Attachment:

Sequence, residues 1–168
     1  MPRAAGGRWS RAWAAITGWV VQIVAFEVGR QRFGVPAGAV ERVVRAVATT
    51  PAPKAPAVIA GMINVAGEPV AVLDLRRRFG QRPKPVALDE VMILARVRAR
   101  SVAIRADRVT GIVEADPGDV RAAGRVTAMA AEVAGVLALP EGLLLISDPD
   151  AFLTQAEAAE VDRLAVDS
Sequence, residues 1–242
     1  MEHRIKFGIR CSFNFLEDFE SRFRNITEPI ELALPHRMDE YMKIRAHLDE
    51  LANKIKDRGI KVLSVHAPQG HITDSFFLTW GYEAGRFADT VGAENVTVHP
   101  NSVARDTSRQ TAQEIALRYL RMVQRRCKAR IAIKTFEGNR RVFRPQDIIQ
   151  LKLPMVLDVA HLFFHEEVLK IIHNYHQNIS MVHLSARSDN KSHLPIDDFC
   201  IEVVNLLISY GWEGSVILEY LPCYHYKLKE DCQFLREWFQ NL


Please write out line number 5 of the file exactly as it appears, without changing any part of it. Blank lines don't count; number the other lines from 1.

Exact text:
   151  AFLTQAEAAE VDRLAVDS